Last week, I wrote a bit about my time in Santa Rosa and Dry Creek Valley, but there is so much more to tell, we are barely getting started.
Last week, I left off talking about the fantastic ride that I had on a Bike Friday with Geoffrey Smith of BikePartners.net. Our ride of close to 20 miles ended at Corks Restaurant at Russian River Vineyards where we were to meet Brad Calkins, the Executive Director of the Santa Rosa Convention & Visitors Bureau (otherwise known as “Visit Santa Rosa“). Before we met up with Brad, we got a quick tour of the restaurant, which is the only winery-based restaurant in the Russian River Valley (and only one of five in the entire state). It was a near perfect day, and the host led us out to the just remodeled patio area where Brad was waiting for us. The patio is bordered on one side by the iconic original 1969 winery building that was built to resemble the numerous hop kilns that dotted the county at the time. Although it no longer serves as the winery, it remains a powerful symbol of both the winery and the restaurant.
As the host led us over to Brad’s table, which was awash in the soothing sun (can you tell it has been a long winter in Philly?). After some introductions and a bit of chat about the ride, we moved on to a much more serious topic: wine selection. Both Brad and Geoffrey deferred to me to choose, a task that I normally embrace. This time, however, I was at a bit of a loss: Geoffrey had already intimated to me that he was not much of a wine drinker (he was more of a beer guy), and I had just met Brad. The only clue that I had about Brad’s wine leanings was his license plate–“Cab Fan”.
Even in ideal circumstances (think steak dinner), I am not that much of a Cabernet guy, but here it was 80 degrees and we were about to have lunch outside in the sun. Luckily, as I fumbled about, worried that if I did not make a decision soon, the two of them would certainly start to question my bona fides as a wine blogger, Brad graciously stepped in and ordered a bottle of the Russian River Rosé of Pinot Noir. Excellent choice on so many levels, not the least of which was the quality of the wine: light and refreshing, with some restrained fruit, but packing a punch with its acidity on the backend. I ordered a reuben for lunch, which is pretty much my go to sandwich, and this one was fantastic. The winemaker and part owner, Giovanni Balistreri, stopped by the table to fill us in a little about the winery, the restaurant, and the renovations.
After lunch, I pondered a quick wine tasting, which was occurring under a large redwood about 20 feet from our table, but we were already a bit late for our next stop, the Charles M. Schulz Museum and Research Center.
When I first heard that I was going to visit the museum, I honestly had no idea what do expect: a whole museum about a comic strip? Don’t get me wrong, I was always a huge Peanuts fan, but a museum?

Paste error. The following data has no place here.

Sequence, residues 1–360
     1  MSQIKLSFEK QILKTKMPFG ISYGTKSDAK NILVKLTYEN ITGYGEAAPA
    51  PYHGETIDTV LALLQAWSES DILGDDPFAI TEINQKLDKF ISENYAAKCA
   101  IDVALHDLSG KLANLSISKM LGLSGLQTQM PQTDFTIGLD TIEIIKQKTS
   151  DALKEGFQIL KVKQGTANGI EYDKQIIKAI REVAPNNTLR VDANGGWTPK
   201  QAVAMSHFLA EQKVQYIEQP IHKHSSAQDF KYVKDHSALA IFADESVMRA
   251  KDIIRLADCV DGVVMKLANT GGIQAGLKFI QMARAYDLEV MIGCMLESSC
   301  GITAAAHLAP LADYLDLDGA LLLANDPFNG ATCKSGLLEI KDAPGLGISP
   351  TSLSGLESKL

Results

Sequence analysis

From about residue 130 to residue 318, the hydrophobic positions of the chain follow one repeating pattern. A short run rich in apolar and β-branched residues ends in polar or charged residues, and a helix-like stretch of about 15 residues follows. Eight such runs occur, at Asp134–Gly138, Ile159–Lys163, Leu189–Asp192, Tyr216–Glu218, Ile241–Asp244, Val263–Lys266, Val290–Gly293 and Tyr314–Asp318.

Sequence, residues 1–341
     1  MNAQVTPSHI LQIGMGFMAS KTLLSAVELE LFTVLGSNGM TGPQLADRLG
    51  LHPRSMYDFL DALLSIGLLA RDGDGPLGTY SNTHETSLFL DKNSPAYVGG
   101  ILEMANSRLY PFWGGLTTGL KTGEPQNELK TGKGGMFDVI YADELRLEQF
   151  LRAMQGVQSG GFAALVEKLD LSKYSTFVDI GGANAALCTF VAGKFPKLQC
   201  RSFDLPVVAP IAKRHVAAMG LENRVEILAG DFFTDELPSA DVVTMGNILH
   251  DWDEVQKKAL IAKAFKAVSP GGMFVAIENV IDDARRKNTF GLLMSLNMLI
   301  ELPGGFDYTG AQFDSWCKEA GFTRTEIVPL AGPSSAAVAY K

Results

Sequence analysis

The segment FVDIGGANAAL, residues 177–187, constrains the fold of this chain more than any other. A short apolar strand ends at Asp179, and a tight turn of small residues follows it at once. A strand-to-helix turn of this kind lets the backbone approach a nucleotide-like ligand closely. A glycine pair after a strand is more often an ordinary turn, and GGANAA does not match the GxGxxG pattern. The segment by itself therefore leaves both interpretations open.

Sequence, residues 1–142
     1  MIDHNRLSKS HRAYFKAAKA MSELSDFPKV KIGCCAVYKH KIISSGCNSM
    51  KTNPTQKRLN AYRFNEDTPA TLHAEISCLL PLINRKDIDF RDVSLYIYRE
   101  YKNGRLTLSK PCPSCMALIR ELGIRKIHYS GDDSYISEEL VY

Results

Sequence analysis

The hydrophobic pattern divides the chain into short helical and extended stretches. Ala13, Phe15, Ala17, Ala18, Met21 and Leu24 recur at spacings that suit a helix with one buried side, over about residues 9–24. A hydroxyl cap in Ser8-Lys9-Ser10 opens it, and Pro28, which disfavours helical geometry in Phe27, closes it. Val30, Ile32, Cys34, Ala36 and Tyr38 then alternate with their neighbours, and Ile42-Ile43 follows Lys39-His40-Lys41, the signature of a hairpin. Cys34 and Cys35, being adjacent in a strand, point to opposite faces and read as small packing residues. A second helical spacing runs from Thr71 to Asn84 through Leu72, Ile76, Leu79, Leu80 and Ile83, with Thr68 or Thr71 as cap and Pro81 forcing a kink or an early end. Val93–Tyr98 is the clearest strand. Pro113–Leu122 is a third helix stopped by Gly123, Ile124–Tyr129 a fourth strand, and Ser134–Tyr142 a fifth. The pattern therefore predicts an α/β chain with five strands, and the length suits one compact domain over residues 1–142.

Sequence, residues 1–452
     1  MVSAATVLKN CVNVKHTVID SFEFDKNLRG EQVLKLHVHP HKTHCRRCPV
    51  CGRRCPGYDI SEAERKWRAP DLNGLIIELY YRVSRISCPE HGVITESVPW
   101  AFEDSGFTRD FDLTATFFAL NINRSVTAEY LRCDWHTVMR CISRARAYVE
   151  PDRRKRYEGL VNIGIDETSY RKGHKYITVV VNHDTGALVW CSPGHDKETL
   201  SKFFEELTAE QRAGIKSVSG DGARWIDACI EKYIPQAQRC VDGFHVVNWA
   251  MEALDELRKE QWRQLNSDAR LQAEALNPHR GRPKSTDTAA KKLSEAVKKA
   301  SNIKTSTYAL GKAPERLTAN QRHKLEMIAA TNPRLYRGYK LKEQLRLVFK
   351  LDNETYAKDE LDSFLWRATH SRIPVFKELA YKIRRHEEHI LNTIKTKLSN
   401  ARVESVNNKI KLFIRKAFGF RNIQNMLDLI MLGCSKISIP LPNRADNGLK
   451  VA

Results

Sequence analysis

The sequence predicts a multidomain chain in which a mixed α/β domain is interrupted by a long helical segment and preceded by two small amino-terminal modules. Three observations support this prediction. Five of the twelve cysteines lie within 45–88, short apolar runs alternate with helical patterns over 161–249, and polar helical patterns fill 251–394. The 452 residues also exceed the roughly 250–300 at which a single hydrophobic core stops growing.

From the moment that I got out of Brad’s car in the museum’s parking lot, however, it was very clear that this was going to be a very cool visit. The grounds were dotted with huge members of the peanuts gang, and there was a serenity that was unexpected. Granted, we were there on a school-day morning, but I have little doubt that the placidity of the grounds would exist even among the shouts and screams of dozens of children.
Shortly after entering the Great Hall, Brad and I were greeted by Gina Huntsinger, the Marketing Director for the museum. Gina then led us on a guided tour: the museum’s courtyard, a 100 seat theater that is continually running features and interviews, the permanent and changing collections, and the education room. Gina was a wealth of knowledge, recounting numerous facts and stories about Mr. Schulz (or “Sparky”) and the strip. Perhaps the most memorable was that Charles Schulz died in 2000 the night before the last of the 17,897 Peanuts (Mr. Schulz never liked the name of the strip) strips was published.
Adjacent to the museum, is an oddity in this part of the world: an ice skating rink. Charles Schulz was originally from Minnesota and grew up an avid hockey player and opened Snoopy’s Home Ice Arena in 1969, which is open to the public (don’t worry–they rent skates!).
The building also houses the Warm Puppy Café where Mr. Schulz ate lunch just about every day. A few paces away from the rink, there is a large gift shop, which has just about every Peanuts inspired item imaginable (my problem was that I bought a Snoopy and a Woodstock for my boys–they are still fighting over who should get what).
As we wandered through the museum’s exhibits, and across the Schulz Campus, I realized the museum is very much like the comic strip–your first impression is that it is entirely for kids, but you quickly realize that there is just as much (if not more) for adults. I will certainly be back with my two boys in tow.
Our last stop for the day was Belly Restaurant in downtown Santa Rosa. The chef, Gray Rollin, has been a celebrity tour chef for a number of performers, including Linkin Park exclusively since 2011. The restaurant has an eclectic menu ranging from pork belly to pizza (I opted for the pork belly, which was fantastic) and has dozens of beer on tap and by the bottle. While there is also an impressive wine list, I followed Brad’s lead and had one of the local microbrews (yes, Virginia, I had a beer). I highly recommend the restaurant–a great choice while visiting Santa Rosa.
At the end of an incredible day I was ready for my bed at the Fountain Grove Inn. Many thanks to Geoffrey Smith of BikePartners.net, Brad Calkins of Visit Santa Rosa, Gina Huntsinger of the Charles M. Schulz Museum, the Fountain Grove Inn, and Corks and Belly restaurants.